JPC meet turns into auditors' battlefield
The Joint Parliamentary Committee (JPC) probe into the 2G spectrum allocation has turned into a battleground between auditors. On Tuesday, CAG Vinod Rai stuck to his presumptive loss of Rs 1.76 lakh crore and rubbished former auditor RP Singh's claim that he had to sign the final CAG report under pressure. Saubhadra Chatterji reports.delhi Updated: Nov 16, 2011 01:30 IST
The Joint Parliamentary Committee (JPC) probe into the 2G spectrum allocation has turned into a battleground between auditors. On Tuesday, CAG Vinod Rai stuck to his presumptive loss of Rs 1.76 lakh crore and rubbished former auditor RP Singh's claim that he had to sign the final CAG report under pressure.
Rai dismissed allegations that Singh had not been in agreement with the final report that escalated the upper limit of the presumptive loss at Rs 1.76 lakh crore. He also said out of the three presumptive figures in his final report two were taken from Singh's draft report.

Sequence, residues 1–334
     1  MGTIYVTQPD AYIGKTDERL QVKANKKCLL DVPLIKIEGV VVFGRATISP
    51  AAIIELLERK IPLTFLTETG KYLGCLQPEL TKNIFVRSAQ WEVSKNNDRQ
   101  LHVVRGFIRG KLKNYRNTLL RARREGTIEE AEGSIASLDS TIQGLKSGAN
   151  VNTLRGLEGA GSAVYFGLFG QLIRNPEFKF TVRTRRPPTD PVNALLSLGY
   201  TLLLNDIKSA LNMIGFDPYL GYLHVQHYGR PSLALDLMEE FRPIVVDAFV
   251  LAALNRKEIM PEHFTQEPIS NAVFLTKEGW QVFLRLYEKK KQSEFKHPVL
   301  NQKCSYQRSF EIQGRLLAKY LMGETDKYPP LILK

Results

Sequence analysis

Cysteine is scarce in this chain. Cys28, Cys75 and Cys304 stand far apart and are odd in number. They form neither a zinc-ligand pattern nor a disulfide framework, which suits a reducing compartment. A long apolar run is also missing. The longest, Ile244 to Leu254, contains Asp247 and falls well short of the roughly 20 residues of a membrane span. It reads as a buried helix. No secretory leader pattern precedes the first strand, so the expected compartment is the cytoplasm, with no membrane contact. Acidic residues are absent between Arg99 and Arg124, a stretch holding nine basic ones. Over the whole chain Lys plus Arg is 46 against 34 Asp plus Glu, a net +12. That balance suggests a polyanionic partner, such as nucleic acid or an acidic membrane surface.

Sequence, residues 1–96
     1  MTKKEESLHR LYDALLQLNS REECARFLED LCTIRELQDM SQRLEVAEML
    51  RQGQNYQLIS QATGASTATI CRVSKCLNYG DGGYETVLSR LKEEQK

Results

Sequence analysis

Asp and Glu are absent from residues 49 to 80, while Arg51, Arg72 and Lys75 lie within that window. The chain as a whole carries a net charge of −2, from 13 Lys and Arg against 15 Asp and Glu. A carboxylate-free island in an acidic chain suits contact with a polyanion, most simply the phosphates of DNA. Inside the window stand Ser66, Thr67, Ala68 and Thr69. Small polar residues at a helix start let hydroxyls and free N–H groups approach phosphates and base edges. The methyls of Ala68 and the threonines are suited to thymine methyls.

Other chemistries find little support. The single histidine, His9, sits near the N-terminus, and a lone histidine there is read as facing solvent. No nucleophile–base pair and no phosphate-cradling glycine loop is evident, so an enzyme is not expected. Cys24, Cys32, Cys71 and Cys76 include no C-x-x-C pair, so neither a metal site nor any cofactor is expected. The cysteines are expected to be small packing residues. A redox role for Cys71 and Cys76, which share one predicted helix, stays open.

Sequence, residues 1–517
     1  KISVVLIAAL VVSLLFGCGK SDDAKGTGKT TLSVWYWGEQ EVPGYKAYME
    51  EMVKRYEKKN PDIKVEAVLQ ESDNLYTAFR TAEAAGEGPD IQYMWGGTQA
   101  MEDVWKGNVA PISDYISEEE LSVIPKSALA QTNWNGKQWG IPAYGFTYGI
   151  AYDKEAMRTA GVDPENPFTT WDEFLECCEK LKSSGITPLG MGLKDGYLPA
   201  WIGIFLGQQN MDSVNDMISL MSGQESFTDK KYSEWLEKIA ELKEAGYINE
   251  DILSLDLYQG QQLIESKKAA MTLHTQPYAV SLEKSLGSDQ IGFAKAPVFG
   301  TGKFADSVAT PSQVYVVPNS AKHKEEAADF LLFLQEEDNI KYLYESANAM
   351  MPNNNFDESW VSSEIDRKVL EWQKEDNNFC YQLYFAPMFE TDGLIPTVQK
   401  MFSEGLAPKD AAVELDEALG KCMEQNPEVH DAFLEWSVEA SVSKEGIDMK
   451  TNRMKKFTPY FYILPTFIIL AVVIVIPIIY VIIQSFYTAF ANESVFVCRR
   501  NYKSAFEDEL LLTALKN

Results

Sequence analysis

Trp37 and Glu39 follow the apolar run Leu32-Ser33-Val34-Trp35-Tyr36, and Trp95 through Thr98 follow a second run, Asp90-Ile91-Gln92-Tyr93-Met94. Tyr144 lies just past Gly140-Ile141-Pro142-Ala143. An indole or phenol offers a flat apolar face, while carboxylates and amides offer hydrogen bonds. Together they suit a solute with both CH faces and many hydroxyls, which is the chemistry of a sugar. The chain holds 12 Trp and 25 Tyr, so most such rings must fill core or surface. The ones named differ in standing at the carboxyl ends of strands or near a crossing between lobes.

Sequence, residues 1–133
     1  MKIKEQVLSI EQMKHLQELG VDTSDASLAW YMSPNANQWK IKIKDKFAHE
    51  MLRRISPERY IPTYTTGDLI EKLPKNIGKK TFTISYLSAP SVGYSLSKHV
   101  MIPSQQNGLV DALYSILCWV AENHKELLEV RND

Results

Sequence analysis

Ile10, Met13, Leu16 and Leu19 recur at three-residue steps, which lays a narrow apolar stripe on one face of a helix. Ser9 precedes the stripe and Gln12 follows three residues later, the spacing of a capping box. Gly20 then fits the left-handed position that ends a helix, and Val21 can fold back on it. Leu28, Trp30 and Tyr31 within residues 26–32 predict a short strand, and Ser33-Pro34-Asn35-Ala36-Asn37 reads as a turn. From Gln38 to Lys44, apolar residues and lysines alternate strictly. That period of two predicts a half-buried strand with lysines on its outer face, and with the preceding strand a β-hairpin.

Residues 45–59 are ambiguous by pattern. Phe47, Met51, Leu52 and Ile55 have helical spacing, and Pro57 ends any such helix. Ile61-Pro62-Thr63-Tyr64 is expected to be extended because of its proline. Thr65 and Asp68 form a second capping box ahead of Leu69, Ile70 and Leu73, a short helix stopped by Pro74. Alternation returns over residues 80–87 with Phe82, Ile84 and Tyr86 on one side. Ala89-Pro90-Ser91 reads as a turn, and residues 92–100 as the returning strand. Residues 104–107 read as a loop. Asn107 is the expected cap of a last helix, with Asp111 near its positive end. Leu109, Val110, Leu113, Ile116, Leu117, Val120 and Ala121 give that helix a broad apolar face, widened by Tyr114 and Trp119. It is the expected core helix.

"The person spent 35 years in the service. Are we to believe, seven months before retirement, he didn't know how to give a note of dissent?" Rai reportedly said about Singh. The CAG will be asked to depose again before the panel in its next meeting.
Extensively grilled by Congress members, including Manish Tewari, Rai at one point almost lost his cool and retorted, "Are you challenging my authority as CAG?"
Former Director General, Audit (Post and Telecommunication) RP Singh, on Monday appeared before the JPC and claimed that 2G loss cannot be quantified.
He also defended his initial estimate of loss at Rs 2,645 crore and said presumptive loss estimate in the final report would amount to "individual judgment" in the audit exercise.
Rai, who appeared before the JPC along with Deputy CAG Rekha Gupta, insisted that Singh was consulted at every step of preparing the report.
Tewari pointed out to an internal note by Gupta, which said Singh was to be shown only the last page of the report and be asked to sign.
While the Congress members accused the auditor-general of cherry-picking figures to fit his report, Rai reportedly said, "As the CAG I have the right to decide which figure I should take." Rai also faced allegations of shifting the goalposts of the audit midway.
CPM's Sitaram Yechury asked why the CAG didn't probe the spectrum allocation before 2004. Rai replied that they had sought documents but it was not provided.